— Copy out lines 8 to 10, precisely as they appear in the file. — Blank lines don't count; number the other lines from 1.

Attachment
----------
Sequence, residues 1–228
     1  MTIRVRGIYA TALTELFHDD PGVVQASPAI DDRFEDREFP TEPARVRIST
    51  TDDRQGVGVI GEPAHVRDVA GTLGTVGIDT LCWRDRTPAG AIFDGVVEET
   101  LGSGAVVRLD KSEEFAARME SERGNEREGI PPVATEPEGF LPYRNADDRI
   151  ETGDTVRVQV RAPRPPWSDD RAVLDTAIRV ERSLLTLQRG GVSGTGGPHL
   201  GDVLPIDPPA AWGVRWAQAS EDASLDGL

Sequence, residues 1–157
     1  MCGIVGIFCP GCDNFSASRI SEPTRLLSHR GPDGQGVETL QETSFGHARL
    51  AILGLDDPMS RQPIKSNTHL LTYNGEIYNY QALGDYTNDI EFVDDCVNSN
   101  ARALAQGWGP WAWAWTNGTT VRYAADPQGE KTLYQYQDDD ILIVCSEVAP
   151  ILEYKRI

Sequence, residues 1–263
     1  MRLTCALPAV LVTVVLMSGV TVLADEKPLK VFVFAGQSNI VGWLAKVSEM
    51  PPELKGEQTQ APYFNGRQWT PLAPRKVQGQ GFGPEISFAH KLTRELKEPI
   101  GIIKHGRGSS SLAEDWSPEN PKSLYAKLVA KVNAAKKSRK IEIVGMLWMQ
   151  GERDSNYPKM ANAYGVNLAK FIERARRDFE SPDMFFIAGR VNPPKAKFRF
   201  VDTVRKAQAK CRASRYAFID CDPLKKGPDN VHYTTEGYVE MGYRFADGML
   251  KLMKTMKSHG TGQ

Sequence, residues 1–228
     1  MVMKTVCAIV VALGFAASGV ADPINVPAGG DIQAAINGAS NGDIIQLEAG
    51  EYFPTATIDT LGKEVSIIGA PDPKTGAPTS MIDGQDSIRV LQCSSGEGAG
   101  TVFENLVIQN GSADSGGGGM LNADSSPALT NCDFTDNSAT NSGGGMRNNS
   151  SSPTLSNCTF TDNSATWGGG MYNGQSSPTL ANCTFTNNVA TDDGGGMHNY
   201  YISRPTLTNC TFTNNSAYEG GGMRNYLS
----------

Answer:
     1  MCGIVGIFCP GCDNFSASRI SEPTRLLSHR GPDGQGVETL QETSFGHARL
    51  AILGLDDPMS RQPIKSNTHL LTYNGEIYNY QALGDYTNDI EFVDDCVNSN
   101  ARALAQGWGP WAWAWTNGTT VRYAADPQGE KTLYQYQDDD ILIVCSEVAP